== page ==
The mean age of the study population was 34.0 ± 4.6 years (range 25 - 51 years).  Majority of the study participants 78 (87.6%) had been in residency training for at least 6 years. Eighty (90.0%) of the respondents had poor knowledge of radiation protection, 7 (8.0%) had the fair knowledge, 1 (1.0%) each had good knowledge and excellent knowledge respectively. A lower proportion of male residents (36, 45%) demonstrated a lower level of knowledge of radiation protection compared to their female counterparts (44, 55%) although the difference was not statistically significant. Those younger in the residency training had poorer knowledge of radiation protection compared with the older residents. The level of knowledge was not associated with the previous lecture on radiation protection or the geopolitical location of the resident doctor.

In conclusion, this study has documented the level of knowledge of radiation protection among resident doctors training in paediatrics in Nigeria.

Open Access Original Research Article

Phenotypic and Genotypic Antimicrobial Resistance Profiles of Escherichia coli O157 Isolates from Cattle in Cameroon

Elvis Achondou Akomoneh, Seraphine Nkie Esemu, Gilbert Karngong Nfor, Roland N. Ndip, Lucy M. Ndip

International Journal of TROPICAL DISEASE & Health, Page 1-10
DOI: 10.9734/IJTDH/2018/42423

Background: Escherichia coli O157, a Shiga toxin-producing serotype of E. coli implicated in severe foodborne diseases, is a major public health concern worldwide. Most human infections are attributed to the consumption of infected beef and contaminated bovine products. The burden of E. coli O157 disease is compounded by the extensive use of antibiotics in the animal production line which might lead to the selection for antibiotic resistance. The aim of this study was to describe the antibiotic resistance patterns of E. coli O157 isolates from cattle in Cameroon.

Methods: Fifty-six E. coli O157 isolates previously obtained were subjected to antibiotic susceptibility testing using the Kirby-Bauer disc diffusion technique. Polymerase chain reaction was used to screen the isolates for the presence of eight antibiotic resistance genes.

Results: Antibiotics susceptibility profiling of the 56 isolates showed ofloxacin was the most active drug (55; 98.2%), followed by gentamicin (51; 91.1%). Ampicillin was the least active drug with only 7 (12.5%) isolates susceptible. Multidrug resistance was a common phenomenon exhibited by 33 isolates comprising 17 phenotypic profiles (A8-A24). The most frequent phenotypic profile was TETRSTRRAMPRTRIRERYR (tetracycline, streptomycin, ampicillin, trimethoprim, and erythromycin resistance) which accounted for 17.0% of the resistant strains. All the 8 resistance genes investigated were observed in one or more isolates and genotypic resistance was generally consistent with the resistant phenotypes observed. The most commonly observed resistance genes were tetA (73.2%) and aac(3)-IV (57.1%). Five isolates had none of the resistance genes investigated while 25 carried at least three different resistance determinants.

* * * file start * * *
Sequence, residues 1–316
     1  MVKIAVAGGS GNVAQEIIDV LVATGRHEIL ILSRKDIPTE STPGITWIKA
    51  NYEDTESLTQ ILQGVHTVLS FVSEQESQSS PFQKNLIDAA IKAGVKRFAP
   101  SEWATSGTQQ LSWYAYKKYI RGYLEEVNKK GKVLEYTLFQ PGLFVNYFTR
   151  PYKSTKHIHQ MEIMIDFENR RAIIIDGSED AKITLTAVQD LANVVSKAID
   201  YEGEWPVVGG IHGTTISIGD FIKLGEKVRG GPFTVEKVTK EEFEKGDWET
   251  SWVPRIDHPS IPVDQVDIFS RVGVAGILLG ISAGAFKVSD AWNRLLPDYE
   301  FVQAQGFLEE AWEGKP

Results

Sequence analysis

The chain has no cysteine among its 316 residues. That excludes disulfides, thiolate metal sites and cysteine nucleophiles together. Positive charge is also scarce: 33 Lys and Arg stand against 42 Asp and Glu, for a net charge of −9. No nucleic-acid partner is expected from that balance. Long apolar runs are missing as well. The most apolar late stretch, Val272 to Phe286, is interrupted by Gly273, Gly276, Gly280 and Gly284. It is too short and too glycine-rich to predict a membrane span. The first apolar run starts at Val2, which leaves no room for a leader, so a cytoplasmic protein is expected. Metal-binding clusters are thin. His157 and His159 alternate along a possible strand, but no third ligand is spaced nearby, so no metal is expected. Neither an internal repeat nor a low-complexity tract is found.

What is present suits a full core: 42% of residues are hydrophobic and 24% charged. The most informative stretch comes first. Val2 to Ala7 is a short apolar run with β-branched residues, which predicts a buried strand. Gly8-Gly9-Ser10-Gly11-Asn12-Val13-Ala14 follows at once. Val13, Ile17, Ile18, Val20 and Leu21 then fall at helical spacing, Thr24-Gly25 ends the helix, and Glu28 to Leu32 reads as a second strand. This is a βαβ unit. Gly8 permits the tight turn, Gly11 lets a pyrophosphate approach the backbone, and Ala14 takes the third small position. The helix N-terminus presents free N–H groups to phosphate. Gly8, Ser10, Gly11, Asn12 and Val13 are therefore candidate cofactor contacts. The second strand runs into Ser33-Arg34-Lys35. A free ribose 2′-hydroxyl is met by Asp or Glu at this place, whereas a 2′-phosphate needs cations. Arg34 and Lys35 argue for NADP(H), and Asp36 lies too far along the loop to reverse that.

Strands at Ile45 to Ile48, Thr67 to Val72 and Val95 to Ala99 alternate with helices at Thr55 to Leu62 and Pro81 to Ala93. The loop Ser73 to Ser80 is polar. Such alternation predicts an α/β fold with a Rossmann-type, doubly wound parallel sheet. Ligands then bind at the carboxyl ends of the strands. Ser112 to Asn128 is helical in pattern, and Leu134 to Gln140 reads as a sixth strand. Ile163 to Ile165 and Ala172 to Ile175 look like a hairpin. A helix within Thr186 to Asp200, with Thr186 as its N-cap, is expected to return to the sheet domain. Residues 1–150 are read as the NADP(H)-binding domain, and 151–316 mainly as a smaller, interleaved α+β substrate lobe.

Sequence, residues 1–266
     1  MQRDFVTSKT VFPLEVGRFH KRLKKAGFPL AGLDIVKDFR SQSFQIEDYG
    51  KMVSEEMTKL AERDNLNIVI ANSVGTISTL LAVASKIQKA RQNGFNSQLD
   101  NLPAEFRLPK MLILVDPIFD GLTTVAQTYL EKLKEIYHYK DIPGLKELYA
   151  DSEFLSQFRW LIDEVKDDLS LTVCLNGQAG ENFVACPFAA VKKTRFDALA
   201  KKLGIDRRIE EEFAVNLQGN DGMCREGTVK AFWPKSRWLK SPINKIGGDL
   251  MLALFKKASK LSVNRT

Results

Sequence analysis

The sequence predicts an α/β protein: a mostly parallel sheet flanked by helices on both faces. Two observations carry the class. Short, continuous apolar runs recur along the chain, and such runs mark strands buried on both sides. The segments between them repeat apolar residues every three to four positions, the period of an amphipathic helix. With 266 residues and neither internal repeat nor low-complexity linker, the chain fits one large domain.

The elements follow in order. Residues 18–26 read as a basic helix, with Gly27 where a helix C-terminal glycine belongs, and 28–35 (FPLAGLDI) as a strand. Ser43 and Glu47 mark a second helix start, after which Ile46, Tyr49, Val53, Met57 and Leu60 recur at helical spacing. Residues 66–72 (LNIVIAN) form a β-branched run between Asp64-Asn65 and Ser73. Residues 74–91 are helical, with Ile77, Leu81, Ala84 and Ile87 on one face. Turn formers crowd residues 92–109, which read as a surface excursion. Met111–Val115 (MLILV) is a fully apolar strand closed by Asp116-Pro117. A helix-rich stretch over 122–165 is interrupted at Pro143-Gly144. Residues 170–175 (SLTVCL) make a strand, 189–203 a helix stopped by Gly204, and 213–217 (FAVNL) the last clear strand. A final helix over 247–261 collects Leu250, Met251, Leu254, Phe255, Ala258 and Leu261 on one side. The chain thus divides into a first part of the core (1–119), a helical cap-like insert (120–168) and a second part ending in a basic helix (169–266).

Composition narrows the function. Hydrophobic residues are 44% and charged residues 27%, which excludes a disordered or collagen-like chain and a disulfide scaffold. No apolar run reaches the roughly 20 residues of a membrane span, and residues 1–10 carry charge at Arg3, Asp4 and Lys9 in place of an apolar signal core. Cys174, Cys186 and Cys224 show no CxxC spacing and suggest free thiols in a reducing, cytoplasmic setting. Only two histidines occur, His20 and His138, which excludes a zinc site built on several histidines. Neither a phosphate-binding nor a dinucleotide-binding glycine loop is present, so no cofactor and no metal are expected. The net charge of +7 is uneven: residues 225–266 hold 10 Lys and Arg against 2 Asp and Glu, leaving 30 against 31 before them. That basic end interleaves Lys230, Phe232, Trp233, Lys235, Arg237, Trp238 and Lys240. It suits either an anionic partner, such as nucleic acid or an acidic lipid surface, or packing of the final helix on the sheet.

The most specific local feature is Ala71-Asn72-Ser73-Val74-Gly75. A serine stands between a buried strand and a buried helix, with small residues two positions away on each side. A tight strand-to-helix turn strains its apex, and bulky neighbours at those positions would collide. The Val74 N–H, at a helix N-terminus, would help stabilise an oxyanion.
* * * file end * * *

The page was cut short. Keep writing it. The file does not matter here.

Conclusions: Cattle in Cameroon are infected with multidrug-resistant E. coli O157 and are a potential risk to consumers. Hence adequate animal food production measures should be prescribed and implemented to minimize the development and spread of antibiotic resistant E. coli O157.

Open Access Original Research Article

Risk Factors of Mortality Related to Severe Malaria among Children in Referral Hospitals of Kisangani

B. G. Mande, K. V. Muyobela, O. Alworong’a

International Journal of TROPICAL DISEASE & Health, Page 1-6
DOI: 10.9734/IJTDH/2018/40898

Aims: This study aimed at determining the factors associated with mortality in childhood severe malaria in Kisangani. For Democratic Republic of Congo is one of African countries with highest mortality rate of under-five children.

Study Design:  cross-sectional study.

Place and Duration of Study: Data were collected from medical folders of all children of 6 months to 16 years-old, hospitalized in 4 general reference hospitals (GRH) of Kisangani town, from January to December, 2015.  We selected only children with severe malaria confirmed by a positive thick blood smear and/or positive rapid diagnostic test. 

Methodology: Sociodemographic and clinical data of deceased children were compared to those of alive or controls. Association of severity criteria and other factors to fatal prognosis was assessed by chi-square or Yate’s adjustment. Bivariate analysis used odds ratio to evaluate the risk of dying. Means were compared by test t of student.

Results: Among 3410 children hospitalized for miscellaneous causes, 1194 had clinical and 845 confirmed severe malaria. The sex ratio M/F was 1.34. Most of children were under 5 years old (73.1%) and the most frequent severity criterion of malaria was pallor, followed by respiratory distress, icterus and coma. Quinine was used in 84.3%. Twenty-nine out of 845 children died (3.43%) and factors associated to this fatality were male sex (P= .04), age under 5 years-old (P =.002). The risk of dying was high when children had circulatory collapse or shock (P < .001), coma (P = .0008), icterus (P = .003), and ≥ 2 severity criteria (P = .005). Sixty-six percent received antibiotics without any microbiological exam.  

Conclusion: The malaria-related mortality is still high and associated with avoidable factors. Supervising health workers in GRH and providing them with more technical assistance to address complications in severe malaria can help to save more children.